Perhaps you thought those infamous Kennedy-era advertisements about how a job as a stewardess was a gateway to boundless adventure, thrilling romance, and social liberation were just an elaborate marketing ploy. But according to ABC's new retro-aviation soap, Pan Am, being a stewardess actually is all of those things—as well as a stepping stone to a lucrative career in trans-Atlantic espionage. You may also be operating under the assumption that working as a flight attendant in the 1960s meant you would be subject to the same kinds of workplace sexism infecting the rest of the laboring classes in America. Not so: On Pan Am, women run the show, and exceptionally good stewardesses are treated like NBA free agents. You may even have thought that flight attendants were not principally in charge of the evacuation of exiles from Cuba after the Bay of Pigs. Again, Pan Am begs to differ.
There's a Forrest Gump-like optimism about American history that undergirds nearly every scene Pan Am's pilot episode. But the show's extravagant, aggressive joy about the friendly skies sometimes makes even that pinnacle of historical romance seem like a Lars von Trier film in comparison. Pan Am follows the dramatic social, sexual, and occasionally top-secret exploits of the maiden crew of a Pan Am clipper. In the space of the pilot episode, for instance, a French flight attendant named Colette (Karine Vanasse) has her heart broken by a married man/passenger; new flight attendant Laura (Margot Robbie) finds herself accidentally on the cover of LIFE; Laura's sister, Kate (Kelli Garner), conducts a covert operation for the CIA while dealing with jealousy issues over her sister's newfound celebrity; and the dashing captain (Mike Vogel) pines for a lost love. But despite all this turbulence, everything turns out okay back on the jetway, and Pan Am wastes no opportunity for any of its characters to revel in the almost psychotic ecstasy they get from flying planes, staying in fancy hotels, or serving cocktails to traveling businessmen.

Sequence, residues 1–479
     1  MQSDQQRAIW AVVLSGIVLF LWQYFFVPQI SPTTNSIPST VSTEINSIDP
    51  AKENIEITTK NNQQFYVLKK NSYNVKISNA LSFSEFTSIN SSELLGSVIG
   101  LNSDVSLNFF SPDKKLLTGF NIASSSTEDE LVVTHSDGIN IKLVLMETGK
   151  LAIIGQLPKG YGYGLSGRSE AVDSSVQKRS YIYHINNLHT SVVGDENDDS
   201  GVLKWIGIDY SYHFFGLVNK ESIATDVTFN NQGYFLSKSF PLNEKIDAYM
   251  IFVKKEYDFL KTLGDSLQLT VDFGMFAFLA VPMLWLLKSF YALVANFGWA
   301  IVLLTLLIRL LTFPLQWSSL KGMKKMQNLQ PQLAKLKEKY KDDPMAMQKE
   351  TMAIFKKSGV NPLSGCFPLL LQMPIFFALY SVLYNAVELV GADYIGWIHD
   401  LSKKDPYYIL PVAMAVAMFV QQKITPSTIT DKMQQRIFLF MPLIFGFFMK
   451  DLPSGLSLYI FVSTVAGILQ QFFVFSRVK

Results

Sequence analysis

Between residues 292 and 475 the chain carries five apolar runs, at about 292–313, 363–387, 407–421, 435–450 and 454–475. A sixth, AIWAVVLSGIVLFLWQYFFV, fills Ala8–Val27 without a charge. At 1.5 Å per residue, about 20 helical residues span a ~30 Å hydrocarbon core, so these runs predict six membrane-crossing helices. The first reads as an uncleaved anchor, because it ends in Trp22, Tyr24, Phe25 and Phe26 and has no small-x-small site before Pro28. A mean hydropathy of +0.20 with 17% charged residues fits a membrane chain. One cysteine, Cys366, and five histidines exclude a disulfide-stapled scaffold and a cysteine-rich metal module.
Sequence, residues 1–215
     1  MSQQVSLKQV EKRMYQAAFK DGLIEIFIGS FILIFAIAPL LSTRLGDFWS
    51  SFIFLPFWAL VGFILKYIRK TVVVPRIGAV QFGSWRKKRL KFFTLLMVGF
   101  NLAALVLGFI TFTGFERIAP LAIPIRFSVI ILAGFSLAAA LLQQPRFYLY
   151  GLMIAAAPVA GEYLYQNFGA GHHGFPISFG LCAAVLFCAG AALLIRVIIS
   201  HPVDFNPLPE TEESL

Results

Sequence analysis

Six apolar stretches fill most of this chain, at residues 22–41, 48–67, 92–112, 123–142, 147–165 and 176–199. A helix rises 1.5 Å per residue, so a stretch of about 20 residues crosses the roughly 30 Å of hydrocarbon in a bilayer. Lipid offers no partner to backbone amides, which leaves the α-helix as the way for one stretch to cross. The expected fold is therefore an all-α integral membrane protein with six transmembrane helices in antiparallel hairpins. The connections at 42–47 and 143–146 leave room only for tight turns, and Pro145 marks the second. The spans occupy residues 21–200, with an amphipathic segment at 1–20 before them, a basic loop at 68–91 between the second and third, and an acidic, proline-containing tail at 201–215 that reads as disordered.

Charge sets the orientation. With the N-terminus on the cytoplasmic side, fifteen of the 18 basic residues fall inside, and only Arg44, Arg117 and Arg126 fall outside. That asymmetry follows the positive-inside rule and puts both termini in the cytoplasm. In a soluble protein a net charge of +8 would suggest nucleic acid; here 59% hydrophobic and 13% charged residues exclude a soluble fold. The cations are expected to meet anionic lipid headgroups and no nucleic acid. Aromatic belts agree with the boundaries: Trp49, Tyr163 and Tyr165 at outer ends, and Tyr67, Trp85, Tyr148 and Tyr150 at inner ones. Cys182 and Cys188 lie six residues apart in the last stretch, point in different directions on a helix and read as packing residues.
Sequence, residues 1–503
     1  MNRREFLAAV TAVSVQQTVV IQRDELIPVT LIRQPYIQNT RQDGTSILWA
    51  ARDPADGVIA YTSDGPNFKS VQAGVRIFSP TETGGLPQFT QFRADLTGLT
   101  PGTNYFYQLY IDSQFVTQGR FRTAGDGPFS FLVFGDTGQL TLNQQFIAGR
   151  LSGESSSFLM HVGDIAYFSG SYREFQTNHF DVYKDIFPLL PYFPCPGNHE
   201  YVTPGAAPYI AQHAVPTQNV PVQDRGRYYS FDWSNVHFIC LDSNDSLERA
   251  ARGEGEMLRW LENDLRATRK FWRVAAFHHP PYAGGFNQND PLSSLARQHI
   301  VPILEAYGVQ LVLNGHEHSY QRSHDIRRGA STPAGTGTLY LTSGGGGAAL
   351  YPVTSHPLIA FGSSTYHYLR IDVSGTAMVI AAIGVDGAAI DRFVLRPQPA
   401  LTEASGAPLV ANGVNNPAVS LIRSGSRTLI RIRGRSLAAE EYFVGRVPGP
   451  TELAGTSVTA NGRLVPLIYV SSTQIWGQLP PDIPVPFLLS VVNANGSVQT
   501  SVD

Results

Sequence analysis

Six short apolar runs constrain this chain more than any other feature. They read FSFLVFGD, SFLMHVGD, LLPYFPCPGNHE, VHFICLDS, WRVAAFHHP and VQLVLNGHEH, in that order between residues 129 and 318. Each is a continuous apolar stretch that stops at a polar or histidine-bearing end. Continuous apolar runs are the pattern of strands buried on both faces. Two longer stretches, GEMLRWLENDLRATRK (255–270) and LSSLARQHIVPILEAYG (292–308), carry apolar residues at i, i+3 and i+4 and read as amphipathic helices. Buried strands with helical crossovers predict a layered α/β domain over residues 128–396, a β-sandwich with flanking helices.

For the first few minutes of the pilot, any good Mad Men viewer—appropriately pickled in cynicism—will likely be a little put off by all the good vibes and bad lines that surround and support Pan Am like a well-made girdle. But by the end of the episode, even the most Draperian naysayer will be hard-pressed to resist the aesthetic of enthusiasm that defines director Thomas Schlamme's walk-and-talk camera work (which recalls his work on the original utopian dreamscape, The West Wing), the luscious panoramas of clean jets in flight, and the ultra-sincere performances of leads Christina Ricci, Margot Robbie, and Kelli Garner.
But even with every actor on screen grinning until their jaws threaten to snap, there's still a small sparkle of menace throughout. Anton Chekhov famously said that if a pistol is hung on the wall in act one, it ought to go off by act two, and the same should be said of Ricci. I can't imagine a world in which that actress's character is not hiding something sufficiently macabre behind those giant, Edward Gorey-esque green eyes. Ricci aside, though, the show's very concept could be a bit unsettling for viewers of this generation. Beholding the basically security-free airports and casual cabin atmosphere of olden times, it's hard not to think of a certain recent 10th anniversary. Perhaps it really is guileless nostalgia, but in 2011, the concept of setting a series in an airplane is fraught with built-in anxiety. This is not to mention that the series begins in 1963, the year that Pan Am 214 catastrophically crashed in Maryland. It's, literally, a disaster waiting to happen, and it will be interesting to see exactly how this buoyant period piece handles that particular event, especially after Mad Men so memorably dealt with the 1962 crash of American Airline 1 in its second season.
Pan Am, like its evil stepsister, The Playboy Club, exists largely because of the desire for 1960s nostalgia awakened by Mad Men. While the acclaimed AMC series has created a potent cultural sensation and even lent its name to a line of suits and dresses made by Banana Republic, it still has rather abysmal ratings. Shows like Pan Am are a clear attempt to tap this juicy but underdeveloped market. The networks seem convinced that the key to this ostensible ratings bonanza lies in keeping the product fetishism and va-va-voomy outfits while starkly reversing the grinding depression, bald sexism, and capitalist critique that anchor Mad Men. So it makes sense that Pan Am is all smiles right out of the gate. There's no need for a show like this to swan dive into despair, but a little turbulence never hurt anybody.